Some have remarked that the quality of the collect is frame for our petitionary prayer which should flow from an understanding of God’s nature. It is a snapshot of how lex orandi models lex credendi, or, put another way, how doctrine should feed into our spiritual life.

At the eucharist, the praying of the collect concludes the gathering rite, the first part of the liturgy, and thus herald the Bible readings. The placing of collects for Sundays and holy days together with the epistles and gospels in the Book of Common Prayer (which makes sense, because one reads the collect, epistle and gospel in order) has led to some Anglicans, particularly evangelicals, to desire collects that reflect the readings or themes of the day. I think this is wrong, seeing as the collects are designed succinctly to draw divine qualities into our daily lives, and so belong to our gathering and preparation rather than an introduction to the readings. The gathering rite at its simplest (and ’tis a joy to be simple) has just a liturgical greeting (The Lord be with you) and a collect, although prayers of penitence usually occur between the two.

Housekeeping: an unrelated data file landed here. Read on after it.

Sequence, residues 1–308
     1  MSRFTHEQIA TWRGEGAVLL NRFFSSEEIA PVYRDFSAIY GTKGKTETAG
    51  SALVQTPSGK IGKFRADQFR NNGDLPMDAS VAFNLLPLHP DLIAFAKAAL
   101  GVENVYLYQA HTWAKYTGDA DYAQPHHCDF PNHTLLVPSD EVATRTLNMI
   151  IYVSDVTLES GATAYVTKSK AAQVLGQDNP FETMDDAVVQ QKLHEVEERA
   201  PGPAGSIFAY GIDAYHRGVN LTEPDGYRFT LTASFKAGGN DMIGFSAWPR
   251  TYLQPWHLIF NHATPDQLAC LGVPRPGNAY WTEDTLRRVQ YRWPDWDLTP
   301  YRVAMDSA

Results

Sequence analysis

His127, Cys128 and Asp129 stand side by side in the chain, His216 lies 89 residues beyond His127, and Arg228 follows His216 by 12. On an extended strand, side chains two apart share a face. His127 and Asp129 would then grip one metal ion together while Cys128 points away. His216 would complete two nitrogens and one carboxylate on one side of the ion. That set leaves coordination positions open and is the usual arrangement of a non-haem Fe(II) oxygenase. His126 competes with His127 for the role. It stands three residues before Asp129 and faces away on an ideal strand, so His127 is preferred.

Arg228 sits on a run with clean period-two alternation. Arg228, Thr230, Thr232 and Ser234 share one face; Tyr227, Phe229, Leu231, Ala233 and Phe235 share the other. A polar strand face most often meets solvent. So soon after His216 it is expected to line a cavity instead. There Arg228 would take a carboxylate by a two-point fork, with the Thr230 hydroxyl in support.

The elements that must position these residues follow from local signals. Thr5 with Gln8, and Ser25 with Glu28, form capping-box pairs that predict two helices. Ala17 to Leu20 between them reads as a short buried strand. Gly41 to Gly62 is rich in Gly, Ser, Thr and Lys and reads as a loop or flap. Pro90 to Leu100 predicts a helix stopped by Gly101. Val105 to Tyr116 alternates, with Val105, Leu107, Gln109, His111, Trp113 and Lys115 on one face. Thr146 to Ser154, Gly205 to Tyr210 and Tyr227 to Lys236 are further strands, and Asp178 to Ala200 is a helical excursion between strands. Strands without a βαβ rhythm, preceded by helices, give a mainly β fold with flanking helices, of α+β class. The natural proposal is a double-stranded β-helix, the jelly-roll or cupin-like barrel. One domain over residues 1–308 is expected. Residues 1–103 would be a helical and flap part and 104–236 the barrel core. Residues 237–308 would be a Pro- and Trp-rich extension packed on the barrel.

The Catholic Church developed a series of other collect-like presidential prayers: the prayer over the gifts and the post-communion prayer. Common Worship has fully embraced post-communion prayers, gathering them with the collects proper, and it suggests some ‘prayers at the preparation of the table’ that cover some elements of the traditional offertory prayers.

In daily prayer, the collect comes at the end of the intercession. In the Book of Common Prayer, three collects (or four during Advent and Lent) follow the preces toward the formal conclusion of matins and evensong. Common Worship has followed the modern practice of retaining just one collect where a series of such had previously been used. However, its structural framework means that an unchanging ‘opening prayer’ is also used.

Let us pray, and its praxis

Modern liturgical sensibility around the collect can be summarised

  1. The bidding ‘Let us pray’ (oremus) is important
  2. The use of silence between bidding and collect is important
  3. The collect should be prayed deliberately: it is important
  4. The congregational ‘Amen’ is important